Related Post: The Commodification of Water is the Answer to Scarcity Experts Argue, But What Are the Implications for Africa?

1. Discuss these issues with your family and friends

Don’t hoard knowledge, share it. Share what you’ve learned with members of your family and friends so that they may start to value and be thankful for water and perhaps change their unconscious and wasteful habits.

2. Read the book ‘A Long Walk to Water’

If it weren’t for my fifth grader’s reading class, I would never have heard of the incredible (and very emotional) story of Salva Dut in the book, A Long Walk to Water, written by Linda Sue Park. The author weaves in the true to life journey of Salva Dut, one of the ‘Lost Boys’ from Sudan, and the hardships and struggles he experienced as an 11-year-old during the second Sudanese Civil War in 1985, hardships that people in South Sudan are experiencing until today.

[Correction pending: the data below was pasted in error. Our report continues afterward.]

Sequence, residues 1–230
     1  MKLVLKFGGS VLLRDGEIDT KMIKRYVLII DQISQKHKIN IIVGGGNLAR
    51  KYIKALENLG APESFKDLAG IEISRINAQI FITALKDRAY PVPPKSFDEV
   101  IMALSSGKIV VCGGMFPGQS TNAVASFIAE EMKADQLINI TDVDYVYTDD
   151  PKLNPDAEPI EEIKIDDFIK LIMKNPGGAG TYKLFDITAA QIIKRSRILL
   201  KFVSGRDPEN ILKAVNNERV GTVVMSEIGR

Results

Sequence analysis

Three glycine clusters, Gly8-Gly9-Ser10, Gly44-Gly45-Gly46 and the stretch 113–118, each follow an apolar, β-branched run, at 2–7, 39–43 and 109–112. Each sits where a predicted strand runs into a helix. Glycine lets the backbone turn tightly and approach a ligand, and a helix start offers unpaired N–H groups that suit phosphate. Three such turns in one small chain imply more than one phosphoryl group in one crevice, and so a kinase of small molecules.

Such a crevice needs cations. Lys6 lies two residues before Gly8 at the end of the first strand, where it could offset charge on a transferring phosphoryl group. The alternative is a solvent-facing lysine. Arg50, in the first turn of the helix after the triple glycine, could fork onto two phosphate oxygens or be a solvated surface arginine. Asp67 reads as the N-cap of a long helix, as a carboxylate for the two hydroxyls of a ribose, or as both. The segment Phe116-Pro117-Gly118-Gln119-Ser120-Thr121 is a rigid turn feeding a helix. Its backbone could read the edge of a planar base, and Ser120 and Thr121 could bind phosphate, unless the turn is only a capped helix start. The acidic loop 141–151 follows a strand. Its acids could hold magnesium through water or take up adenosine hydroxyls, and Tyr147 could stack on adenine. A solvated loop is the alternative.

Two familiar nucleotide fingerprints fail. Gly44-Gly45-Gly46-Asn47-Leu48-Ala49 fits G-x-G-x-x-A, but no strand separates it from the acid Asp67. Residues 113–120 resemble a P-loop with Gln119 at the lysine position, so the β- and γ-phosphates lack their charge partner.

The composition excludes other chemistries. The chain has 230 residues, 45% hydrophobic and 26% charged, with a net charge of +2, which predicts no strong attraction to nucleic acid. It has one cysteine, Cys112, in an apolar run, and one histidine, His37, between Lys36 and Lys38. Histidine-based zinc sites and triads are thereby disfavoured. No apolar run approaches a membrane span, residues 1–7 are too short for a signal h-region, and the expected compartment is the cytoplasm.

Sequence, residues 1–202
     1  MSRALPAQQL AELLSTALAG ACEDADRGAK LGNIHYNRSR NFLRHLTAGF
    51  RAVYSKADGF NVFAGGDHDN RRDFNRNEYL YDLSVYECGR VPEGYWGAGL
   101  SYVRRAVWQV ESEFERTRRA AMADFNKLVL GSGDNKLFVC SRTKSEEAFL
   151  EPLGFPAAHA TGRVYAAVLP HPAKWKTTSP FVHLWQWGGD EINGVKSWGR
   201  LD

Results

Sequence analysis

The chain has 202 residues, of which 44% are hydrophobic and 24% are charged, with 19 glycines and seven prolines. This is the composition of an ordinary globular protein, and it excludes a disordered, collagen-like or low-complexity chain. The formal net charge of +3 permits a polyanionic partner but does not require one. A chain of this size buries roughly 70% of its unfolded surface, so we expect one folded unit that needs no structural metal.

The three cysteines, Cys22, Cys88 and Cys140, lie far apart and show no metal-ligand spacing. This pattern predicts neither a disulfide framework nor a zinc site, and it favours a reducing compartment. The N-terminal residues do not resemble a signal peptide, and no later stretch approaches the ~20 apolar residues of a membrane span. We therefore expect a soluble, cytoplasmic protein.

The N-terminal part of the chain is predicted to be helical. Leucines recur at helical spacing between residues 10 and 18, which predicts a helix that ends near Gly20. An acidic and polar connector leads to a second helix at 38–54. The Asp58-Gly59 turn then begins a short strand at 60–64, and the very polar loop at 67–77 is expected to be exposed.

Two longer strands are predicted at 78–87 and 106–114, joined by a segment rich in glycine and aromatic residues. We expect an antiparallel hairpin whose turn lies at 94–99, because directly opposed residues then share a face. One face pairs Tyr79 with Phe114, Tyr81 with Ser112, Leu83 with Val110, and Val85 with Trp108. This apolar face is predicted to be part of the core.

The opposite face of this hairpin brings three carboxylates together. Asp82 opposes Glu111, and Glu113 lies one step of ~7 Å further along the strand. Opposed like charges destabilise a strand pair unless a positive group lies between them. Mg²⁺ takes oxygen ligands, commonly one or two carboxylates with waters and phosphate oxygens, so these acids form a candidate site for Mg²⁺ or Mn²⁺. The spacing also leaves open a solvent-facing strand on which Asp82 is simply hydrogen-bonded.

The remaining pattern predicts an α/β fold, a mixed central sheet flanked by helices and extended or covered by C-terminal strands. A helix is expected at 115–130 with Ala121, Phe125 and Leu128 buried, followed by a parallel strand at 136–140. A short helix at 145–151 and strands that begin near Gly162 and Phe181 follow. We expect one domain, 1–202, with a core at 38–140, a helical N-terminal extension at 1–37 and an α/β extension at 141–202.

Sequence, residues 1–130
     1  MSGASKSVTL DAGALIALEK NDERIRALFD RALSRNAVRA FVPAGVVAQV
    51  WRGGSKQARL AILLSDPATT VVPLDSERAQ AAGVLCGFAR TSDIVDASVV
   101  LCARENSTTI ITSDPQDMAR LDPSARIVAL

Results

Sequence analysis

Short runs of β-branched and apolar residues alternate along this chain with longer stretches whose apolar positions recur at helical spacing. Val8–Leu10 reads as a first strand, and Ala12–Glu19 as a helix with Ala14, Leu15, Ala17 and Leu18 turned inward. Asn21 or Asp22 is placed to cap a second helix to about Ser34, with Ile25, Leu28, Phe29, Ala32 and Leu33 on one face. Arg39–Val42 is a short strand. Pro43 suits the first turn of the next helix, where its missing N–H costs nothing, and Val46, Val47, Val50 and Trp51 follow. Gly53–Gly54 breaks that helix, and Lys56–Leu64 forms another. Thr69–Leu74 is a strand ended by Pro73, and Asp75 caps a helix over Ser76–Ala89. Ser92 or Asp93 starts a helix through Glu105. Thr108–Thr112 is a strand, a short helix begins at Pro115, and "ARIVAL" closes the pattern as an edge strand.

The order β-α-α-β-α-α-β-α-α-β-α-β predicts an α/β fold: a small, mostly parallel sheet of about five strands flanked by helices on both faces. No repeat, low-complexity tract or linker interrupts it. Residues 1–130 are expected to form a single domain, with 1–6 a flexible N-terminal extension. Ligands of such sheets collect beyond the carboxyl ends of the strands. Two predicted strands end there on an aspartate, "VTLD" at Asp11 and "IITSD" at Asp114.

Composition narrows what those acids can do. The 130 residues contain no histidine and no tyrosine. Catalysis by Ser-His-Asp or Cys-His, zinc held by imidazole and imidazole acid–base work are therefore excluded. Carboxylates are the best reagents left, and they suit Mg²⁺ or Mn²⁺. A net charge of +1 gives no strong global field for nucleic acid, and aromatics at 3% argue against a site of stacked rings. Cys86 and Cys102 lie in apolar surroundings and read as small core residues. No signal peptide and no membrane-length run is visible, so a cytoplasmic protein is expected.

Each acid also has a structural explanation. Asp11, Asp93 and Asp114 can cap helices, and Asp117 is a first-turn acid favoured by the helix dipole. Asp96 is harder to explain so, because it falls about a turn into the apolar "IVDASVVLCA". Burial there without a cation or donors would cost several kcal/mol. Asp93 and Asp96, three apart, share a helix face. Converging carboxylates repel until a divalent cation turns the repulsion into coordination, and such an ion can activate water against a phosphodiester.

Surviving the ordeal, Dut went on to establish Water for South Sudan, a non-profit organization established in 2003 in Rochester, New York to provide the people of South Sudan access to clean and safe water. Their mission also includes improving hygiene and sanitation practices and prioritizing areas in the country that are in great need.

Everybody has the right to clean water and Salva Dut’s initiative to provide the country with access to clean water gives the South Sudanese a chance to live healthier lives, encourages local communities and economies to grow and helps people survive under the constant threat of climate change. So far, the organisation have drilled ten new wells and repaired twenty-four older wells in this season alone.

So read the book. Read it to your kids if you have them. You will come away more grateful, more appreciative and less likely to waste the world’s most precious resource.

3. Watch ‘The Water Walker’ Film